We often talk about improving productivity in a business, but what does that actually mean? How do you measure productivity? And is that something you should even be doing?
Business owners and managers place a lot of importance on productivity. Team members are encouraged to improve their own personal productivity, and this is often tied to performance incentives. One of a main benefits of tracking time with an application like WorkflowMax is the ability to easily view productivity stats for different jobs and team members. Each employee can review their hours worked and the amount of time they spend on each project, and gain benchmarks from which they can improve.
But is this a valuable tool for business, or is it placing emphasis on the wrong metrics? Are we so worried about how fast we work, how many units we push, how many calls we answer, that we neglect other important factors?
Why you need performance metrics
Performance metrics are, first and foremost, for your team. Employees like feedback. They want to know areas where they can improve, and they also want to be able to see where they’re doing well. It’s a great feeling knowing you have strengths in a particular area.
Feedback is best when it’s backed up with data. Otherwise, it can be based far too much on heresy and personal judgements. And we all know these can be wrong from time to time. If you, as the manager, only ever see a certain employee coming back from lunch or coffee and joking around, then you might assume they are slacking off. In reality, they could be the most high-performing team member you have, and those breaks are a vital part of their process. But without metrics, you don’t know.
Performance metrics can also help you create a snapshot of your team, which can be valuable when it comes to performance reviews. Also, you can use the data to plan ahead, by understanding what your team is capable of. Keeping on top of performance metrics provides you with important benchmarks for strategic planning.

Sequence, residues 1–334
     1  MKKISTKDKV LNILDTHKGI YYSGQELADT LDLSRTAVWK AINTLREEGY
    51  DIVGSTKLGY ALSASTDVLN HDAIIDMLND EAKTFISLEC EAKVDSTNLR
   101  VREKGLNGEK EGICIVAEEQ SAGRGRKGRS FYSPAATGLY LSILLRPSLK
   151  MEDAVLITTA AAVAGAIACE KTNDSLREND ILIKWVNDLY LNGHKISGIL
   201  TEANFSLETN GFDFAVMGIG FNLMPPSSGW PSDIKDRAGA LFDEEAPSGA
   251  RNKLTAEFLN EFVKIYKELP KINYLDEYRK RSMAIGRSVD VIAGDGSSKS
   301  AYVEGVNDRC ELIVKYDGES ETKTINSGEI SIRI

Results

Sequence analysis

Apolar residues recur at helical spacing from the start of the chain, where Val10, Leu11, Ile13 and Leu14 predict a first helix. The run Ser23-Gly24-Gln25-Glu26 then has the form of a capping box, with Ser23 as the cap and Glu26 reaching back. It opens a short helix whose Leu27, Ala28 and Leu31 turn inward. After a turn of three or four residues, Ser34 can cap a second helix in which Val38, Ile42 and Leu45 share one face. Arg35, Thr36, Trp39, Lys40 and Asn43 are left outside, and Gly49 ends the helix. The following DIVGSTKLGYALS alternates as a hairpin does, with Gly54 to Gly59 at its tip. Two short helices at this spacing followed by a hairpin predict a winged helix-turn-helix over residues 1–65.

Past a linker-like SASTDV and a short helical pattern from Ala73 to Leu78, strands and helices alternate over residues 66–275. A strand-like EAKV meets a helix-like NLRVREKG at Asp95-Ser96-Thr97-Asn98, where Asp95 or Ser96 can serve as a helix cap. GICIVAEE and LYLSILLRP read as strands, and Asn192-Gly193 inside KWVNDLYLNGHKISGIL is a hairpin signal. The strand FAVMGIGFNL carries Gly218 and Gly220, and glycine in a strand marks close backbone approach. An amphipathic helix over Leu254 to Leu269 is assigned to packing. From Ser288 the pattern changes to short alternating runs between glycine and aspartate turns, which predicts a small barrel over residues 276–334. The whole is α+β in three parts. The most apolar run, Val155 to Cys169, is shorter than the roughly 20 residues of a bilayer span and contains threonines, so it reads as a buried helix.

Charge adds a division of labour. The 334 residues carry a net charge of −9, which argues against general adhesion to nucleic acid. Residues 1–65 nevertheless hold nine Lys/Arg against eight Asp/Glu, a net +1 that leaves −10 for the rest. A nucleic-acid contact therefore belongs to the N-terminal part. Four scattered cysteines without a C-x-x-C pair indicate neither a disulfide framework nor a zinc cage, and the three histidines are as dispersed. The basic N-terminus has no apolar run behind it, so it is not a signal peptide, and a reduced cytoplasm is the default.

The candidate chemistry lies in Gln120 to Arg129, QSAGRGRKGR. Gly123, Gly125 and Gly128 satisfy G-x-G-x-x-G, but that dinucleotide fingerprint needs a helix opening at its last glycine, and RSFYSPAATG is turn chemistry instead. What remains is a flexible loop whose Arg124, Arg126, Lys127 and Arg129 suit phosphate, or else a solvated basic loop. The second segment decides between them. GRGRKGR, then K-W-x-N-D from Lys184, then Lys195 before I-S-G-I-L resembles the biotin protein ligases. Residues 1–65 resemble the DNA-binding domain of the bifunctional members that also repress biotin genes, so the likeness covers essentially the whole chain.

Calculating the Productivity of an Employee
So how do you measure an employee’s productivity?
- Choose the output you’re measuring. Usually this is “jobs completed.”
- Select a period of time to measure. This could be a workday, a week, or – for longer jobs – a month.
- Measure the amount of output over this time period for each of your employees. Gather enough data to provide an average sample.
- Now you need an input figure. This is the number of hours (or other time unit) your employee has spent on production.
- Divide the output by the input to arrive at a per-hour figure (or other time period). – eg. 20 units per week.
- You can then assign a value. This enables you to measure cost-benefit ratio.
You can find a more detailed description of this method over on Chron Small Business.
Hubspot shares secrets on how to be more productive.
Other Success Metrics
As well as a basic per-employee productivity rate, there are other metrics you can look at that also show the strength of your company:
Revenue Per Employee: Divide total revenue by total number of employees. This number can help you understand what your team contribute to the bottom line and the value of each team member to the company, and also the cost of losing an employee.
Total cost of Workforce: This is the sum of all your compensation, benefits, contractors, and other expenses relating to keeping your team. This metric gives you insight into your workforce spend and can be effective when making important strategic decisions.